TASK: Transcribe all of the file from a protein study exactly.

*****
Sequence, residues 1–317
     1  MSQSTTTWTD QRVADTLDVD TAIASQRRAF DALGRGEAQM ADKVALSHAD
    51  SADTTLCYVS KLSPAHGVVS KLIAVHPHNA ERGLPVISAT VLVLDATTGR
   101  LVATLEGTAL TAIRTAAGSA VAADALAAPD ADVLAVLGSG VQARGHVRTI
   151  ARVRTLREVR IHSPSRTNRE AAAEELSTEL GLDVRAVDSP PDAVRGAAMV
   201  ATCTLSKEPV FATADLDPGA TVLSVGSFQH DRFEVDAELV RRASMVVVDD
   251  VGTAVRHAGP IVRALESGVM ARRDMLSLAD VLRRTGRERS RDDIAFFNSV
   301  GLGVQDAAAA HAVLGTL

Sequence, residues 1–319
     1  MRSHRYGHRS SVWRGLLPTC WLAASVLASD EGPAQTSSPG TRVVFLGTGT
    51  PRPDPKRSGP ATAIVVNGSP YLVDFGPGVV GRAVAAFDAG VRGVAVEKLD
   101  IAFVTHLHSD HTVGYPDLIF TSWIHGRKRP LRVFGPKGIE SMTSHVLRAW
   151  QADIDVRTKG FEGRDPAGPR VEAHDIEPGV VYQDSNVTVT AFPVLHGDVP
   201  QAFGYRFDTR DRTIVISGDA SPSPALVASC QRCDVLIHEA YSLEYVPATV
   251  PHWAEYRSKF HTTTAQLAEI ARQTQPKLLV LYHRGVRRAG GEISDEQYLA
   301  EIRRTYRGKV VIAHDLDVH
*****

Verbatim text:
Sequence, residues 1–317
     1  MSQSTTTWTD QRVADTLDVD TAIASQRRAF DALGRGEAQM ADKVALSHAD
    51  SADTTLCYVS KLSPAHGVVS KLIAVHPHNA ERGLPVISAT VLVLDATTGR
   101  LVATLEGTAL TAIRTAAGSA VAADALAAPD ADVLAVLGSG VQARGHVRTI
   151  ARVRTLREVR IHSPSRTNRE AAAEELSTEL GLDVRAVDSP PDAVRGAAMV
   201  ATCTLSKEPV FATADLDPGA TVLSVGSFQH DRFEVDAELV RRASMVVVDD
   251  VGTAVRHAGP IVRALESGVM ARRDMLSLAD VLRRTGRERS RDDIAFFNSV
   301  GLGVQDAAAA HAVLGTL

Sequence, residues 1–319
     1  MRSHRYGHRS SVWRGLLPTC WLAASVLASD EGPAQTSSPG TRVVFLGTGT
    51  PRPDPKRSGP ATAIVVNGSP YLVDFGPGVV GRAVAAFDAG VRGVAVEKLD
   101  IAFVTHLHSD HTVGYPDLIF TSWIHGRKRP LRVFGPKGIE SMTSHVLRAW
   151  QADIDVRTKG FEGRDPAGPR VEAHDIEPGV VYQDSNVTVT AFPVLHGDVP
   201  QAFGYRFDTR DRTIVISGDA SPSPALVASC QRCDVLIHEA YSLEYVPATV
   251  PHWAEYRSKF HTTTAQLAEI ARQTQPKLLV LYHRGVRRAG GEISDEQYLA
   301  EIRRTYRGKV VIAHDLDVH